SHANGHAI, Feb. 7 (Xinhua) -- Making a big purchase ahead of the Lunar New Year can be a lot of fuss. But as markets go smart, shopping has become a pleasure, even during the busiest time of the year.
At a Carrefour supermarket "Le Marche" in Shanghai's Changning District, customers can choose from several payment measures instead of queuing in a long line at the checkout counter.
There are smart machines where customers can scan barcodes on groceries in front of a screen and pay through a WeChat mini-app on their smartphones.
Smart payment has improved shopping efficiency, especially during shopping seasons, according to the supermarket manager.
"The penetration rate of mobile payment in Carrefour stores in China has surpassed 50 percent, and the rate of smart cashiers has reached 38 percent," said Nathalie Yu, vice president of Carrefour China.
Carrefour has worked with China's Internet companies such as Meituan, JD and Ele.me on its digitalization of retail service and logistics. Customers can also go to the Carrefour online supermarket and receive orders at home within hours.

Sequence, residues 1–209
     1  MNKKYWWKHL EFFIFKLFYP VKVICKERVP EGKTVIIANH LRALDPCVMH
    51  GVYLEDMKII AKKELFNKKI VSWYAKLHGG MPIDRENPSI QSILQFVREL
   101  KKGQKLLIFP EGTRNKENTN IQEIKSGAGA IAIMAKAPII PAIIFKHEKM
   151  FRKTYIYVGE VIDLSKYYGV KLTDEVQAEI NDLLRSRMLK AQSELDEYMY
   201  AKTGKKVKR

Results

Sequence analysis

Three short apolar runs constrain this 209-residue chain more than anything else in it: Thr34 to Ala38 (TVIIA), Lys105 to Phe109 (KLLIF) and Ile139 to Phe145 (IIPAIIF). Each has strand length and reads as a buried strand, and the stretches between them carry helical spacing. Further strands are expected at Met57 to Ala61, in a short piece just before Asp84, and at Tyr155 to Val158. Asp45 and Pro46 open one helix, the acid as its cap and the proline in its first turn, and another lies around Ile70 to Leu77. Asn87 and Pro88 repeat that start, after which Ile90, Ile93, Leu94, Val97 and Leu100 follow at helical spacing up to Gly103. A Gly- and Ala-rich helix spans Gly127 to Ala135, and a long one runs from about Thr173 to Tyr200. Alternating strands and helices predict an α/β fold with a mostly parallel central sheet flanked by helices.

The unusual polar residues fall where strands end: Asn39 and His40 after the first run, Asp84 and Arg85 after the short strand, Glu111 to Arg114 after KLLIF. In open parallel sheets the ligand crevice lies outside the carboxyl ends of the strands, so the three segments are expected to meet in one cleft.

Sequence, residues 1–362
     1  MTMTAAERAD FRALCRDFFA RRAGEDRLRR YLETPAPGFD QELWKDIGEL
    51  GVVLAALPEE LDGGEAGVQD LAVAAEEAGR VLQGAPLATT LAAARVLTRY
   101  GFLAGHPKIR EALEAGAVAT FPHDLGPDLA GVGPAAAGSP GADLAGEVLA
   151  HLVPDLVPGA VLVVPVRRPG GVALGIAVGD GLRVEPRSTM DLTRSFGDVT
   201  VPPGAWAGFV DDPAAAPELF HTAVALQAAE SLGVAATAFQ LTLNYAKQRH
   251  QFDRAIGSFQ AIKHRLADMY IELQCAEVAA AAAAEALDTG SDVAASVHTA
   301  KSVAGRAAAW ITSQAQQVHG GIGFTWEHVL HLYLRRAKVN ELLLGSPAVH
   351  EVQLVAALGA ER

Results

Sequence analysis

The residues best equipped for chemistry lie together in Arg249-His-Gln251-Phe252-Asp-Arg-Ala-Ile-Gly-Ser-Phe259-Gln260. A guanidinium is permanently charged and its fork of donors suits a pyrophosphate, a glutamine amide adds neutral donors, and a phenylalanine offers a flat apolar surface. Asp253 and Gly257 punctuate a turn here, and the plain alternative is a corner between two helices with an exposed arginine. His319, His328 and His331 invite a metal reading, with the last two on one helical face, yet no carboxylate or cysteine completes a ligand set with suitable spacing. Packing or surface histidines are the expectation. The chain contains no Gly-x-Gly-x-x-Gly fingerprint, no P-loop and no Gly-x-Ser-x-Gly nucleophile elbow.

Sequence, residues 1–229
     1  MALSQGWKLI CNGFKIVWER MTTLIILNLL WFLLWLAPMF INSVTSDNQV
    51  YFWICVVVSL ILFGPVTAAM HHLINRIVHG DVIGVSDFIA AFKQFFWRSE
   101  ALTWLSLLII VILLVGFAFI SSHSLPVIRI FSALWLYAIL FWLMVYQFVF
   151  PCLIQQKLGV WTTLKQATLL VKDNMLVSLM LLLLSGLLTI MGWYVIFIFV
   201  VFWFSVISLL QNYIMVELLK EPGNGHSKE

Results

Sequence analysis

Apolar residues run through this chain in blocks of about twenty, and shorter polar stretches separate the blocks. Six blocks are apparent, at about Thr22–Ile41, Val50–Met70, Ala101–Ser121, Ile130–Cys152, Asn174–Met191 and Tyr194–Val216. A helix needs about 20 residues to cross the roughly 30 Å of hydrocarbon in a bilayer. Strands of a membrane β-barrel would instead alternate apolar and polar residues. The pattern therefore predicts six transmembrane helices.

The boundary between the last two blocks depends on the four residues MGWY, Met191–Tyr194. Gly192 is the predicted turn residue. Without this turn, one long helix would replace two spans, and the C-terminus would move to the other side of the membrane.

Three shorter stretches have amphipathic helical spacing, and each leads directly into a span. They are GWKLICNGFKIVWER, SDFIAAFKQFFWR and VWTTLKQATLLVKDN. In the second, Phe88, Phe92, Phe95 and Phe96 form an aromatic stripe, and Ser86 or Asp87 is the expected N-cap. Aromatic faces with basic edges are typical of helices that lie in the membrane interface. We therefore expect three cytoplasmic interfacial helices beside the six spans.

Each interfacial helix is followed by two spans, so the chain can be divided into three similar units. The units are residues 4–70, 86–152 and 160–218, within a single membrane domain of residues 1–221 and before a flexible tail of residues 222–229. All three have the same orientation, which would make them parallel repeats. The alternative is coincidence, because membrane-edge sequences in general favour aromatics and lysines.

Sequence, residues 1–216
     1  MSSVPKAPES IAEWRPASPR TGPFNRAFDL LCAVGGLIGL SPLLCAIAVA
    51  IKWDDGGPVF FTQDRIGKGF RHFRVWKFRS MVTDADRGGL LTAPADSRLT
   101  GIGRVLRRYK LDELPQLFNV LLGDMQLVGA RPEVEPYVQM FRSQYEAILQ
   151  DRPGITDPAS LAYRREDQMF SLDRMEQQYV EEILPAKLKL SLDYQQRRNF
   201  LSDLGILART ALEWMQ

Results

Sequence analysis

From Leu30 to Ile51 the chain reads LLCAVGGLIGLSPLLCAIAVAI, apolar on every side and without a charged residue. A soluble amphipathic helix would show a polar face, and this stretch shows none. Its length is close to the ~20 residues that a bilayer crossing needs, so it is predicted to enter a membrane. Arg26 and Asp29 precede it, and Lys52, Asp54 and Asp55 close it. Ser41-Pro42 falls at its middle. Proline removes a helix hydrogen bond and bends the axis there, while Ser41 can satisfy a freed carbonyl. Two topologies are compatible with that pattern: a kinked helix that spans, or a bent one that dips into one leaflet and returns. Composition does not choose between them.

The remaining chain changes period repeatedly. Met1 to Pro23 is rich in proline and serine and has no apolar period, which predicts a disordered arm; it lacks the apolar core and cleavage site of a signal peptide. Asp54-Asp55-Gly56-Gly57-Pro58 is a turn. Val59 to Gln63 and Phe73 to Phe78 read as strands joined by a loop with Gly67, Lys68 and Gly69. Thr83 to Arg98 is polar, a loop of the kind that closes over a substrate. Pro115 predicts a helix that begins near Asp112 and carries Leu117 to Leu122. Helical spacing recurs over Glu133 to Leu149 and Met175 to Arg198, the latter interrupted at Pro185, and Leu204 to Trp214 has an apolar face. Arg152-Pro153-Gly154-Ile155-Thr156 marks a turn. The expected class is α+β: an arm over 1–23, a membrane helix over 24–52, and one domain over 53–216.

The U.S. retail giant Walmart has also sped up its "smart revolution" in the Chinese market, with over 400 outlets supporting "Scan and Go." It has also introduced an online search map of groceries to improve shopping efficiency.
As of June 2018, there were 802 million Internet users in China, 788 million of whom were mobile users. Over 569 million Chinese shopped online at least once and 557 million used their mobile phones for shopping.
In a Sam's club outlet under Walmart in Shanghai's Pudong District, an interactive area showcasing daily products gets a "facelift" every week. Just before the Lunar New Year, the area was transformed into a children's bedroom, which attracted children and their parents to take a rest.
According to Chen Zhiyu, a senior vice president of Walmart China, it is a trend that many groceries are going online, yet people still go to supermarkets to enjoy family get-together time and explore new products.
In "Le Marche," 78 percent of the display area is food, with imported food taking a considerable part of the shelves. Customers can have their fresh seafood cooked to dine in the supermarket.
"We will promote more 'Le Marche' in other Chinese cities," said Thierry Garnier, executive director of Carrefour Asia, adding that industry peers and partners from more than 10 countries had come to Shanghai to learn from such innovation.